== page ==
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1.
Article in Japanese | WPRIM | ID: wpr-362066

ABSTRACT

A 73-year-old man was referred to our hospital for treatment of a sacral aneurysm of the distal aortic arch with a maximum dimension of 66 mm. He underwent total arch replacement (TAR) with cardiopulmonary bypass (CPB), moderate hypothermia, circulatory arrest (CA) of the lower body and antegrade selective cerebral perfusion (SCP) via a median sternotomy. Through the aneurysm, the descending aorta was divided and distal anastomosis was performed using the stepwise technique. After the inserted tube graft was extracted, a four-branched arch graft was anastomosed. The arch vessels and the proximal aorta were then anastomosed to the four-branched graft. The operation time was 515 min, CPB time was 305 min, aorta cross clamp (ACC) time was 213 min, SCP time was 143 min, and CA of the lower body was 97 min. On postoperative day (POD) 5, right-upper abdominal pain suddenly developed, with low grade fever. Acute cholecystitis was suspected and antibiotic therapy was started. On POD 6, his abdominal pain shifted to the lower-right region. His blood examination results were unchanged. Acute peritonitis was suggested by abdominal-enhanced computed tomography (CT), and emergency open cholecystectomy was then performed. There was no evidence of gall stones, and a bacterial culture of the ascites was negative. The pathological diagnosis was thromboendarteritis of the gallbladder artery, accompanied with thrombophlebitis and thrombosis, causing massive infarction at the neck of the gallbladder wall. His postoperative course was uneventful and he discharged in an ambulatory state on POD 16. In TAR, the risk of gastrointestinal ischemia is considerable because of prolonged circulatory arrest of the lower body and debris embolism. It is necessary to recognize possible gallbladder infarction, although it is rare, as a differential diagnosis of acute abdomen after TAR.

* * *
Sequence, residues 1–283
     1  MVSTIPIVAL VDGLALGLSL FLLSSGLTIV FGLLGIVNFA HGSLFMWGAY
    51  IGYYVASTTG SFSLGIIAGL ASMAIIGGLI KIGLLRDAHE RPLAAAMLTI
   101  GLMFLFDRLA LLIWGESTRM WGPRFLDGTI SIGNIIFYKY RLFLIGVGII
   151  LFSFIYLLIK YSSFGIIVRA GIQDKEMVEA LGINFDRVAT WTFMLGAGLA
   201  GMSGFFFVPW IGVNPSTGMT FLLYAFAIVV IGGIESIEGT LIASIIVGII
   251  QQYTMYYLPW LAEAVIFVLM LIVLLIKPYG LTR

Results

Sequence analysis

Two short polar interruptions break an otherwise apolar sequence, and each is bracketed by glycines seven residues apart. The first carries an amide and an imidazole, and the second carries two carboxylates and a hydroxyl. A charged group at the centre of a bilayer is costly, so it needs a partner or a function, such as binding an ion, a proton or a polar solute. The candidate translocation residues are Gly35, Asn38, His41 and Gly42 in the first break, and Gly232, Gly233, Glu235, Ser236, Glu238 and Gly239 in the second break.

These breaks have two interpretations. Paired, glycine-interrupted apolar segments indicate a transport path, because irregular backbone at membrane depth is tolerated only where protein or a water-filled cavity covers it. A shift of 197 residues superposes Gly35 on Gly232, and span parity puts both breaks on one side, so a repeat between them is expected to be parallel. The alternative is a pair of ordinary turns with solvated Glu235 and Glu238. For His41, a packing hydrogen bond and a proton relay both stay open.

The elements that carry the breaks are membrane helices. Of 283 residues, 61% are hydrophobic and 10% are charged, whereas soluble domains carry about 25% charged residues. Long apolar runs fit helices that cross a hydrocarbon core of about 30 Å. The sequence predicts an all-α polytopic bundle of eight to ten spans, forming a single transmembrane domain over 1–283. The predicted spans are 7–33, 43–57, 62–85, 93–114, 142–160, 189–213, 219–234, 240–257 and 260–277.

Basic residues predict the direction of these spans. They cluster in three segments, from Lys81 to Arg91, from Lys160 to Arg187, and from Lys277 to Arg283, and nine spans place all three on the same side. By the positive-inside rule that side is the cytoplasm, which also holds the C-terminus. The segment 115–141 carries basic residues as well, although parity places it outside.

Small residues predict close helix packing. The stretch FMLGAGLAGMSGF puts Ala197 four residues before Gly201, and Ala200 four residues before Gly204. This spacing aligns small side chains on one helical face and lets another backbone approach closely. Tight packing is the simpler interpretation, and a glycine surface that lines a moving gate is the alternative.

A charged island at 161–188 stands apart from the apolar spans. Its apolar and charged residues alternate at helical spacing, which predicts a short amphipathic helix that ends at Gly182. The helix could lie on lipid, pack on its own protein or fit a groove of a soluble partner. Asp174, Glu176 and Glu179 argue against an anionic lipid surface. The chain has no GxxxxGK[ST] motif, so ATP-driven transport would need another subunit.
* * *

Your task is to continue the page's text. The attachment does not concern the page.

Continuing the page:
2.
Article in Japanese | WPRIM | ID: wpr-362065

ABSTRACT

In recent treatment of mitral regurgitation due to active infective endocarditis, significant attempts have been made to repair as much of the mitral valve as possible. In cases where the leaflet is damaged extensively because of infection, valve repair generally becomes difficult unless the defect is reinforced by glutaric aldehyde-preserved autologous pericardium. We report a case in which mitral valve plasty for mitral regurgitation was performed under these circumstances. A 27-year-old man was admitted to our hospital because of headache and persistent fever. Transthoracic echocardiography revealed a 13-mm friable vegetation attached to the anterior leaflet of the mitral valve with severe mitral regurgitation. Urgent surgery was performed based on a diagnosis of active infective endocartitis. After cardiopulmonary bypass was performed and the aorta was cross-clamped, a left atriotomy was carried out on the interatrial groove. Much vegetation was attached to the damaged mitral leaflet from A3 to P3, and prolapse of the commissural leaflet was observed. The vegetation and damaged leaflet were then removed. Removal of the superficial vegetations enabled preservation of more than half of the A3. The valve was repaired by the resection-suture technique without using the autologous pericardium, as glutaric aldehyde solution was not available. Mitral annuloplasty using a 28-mm physio ring was performed thereafter. The postoperative course was uneventful and without any residual regurgitation. Nine months after surgery, no recurrence of infection or mitral regurgitation was not observed.

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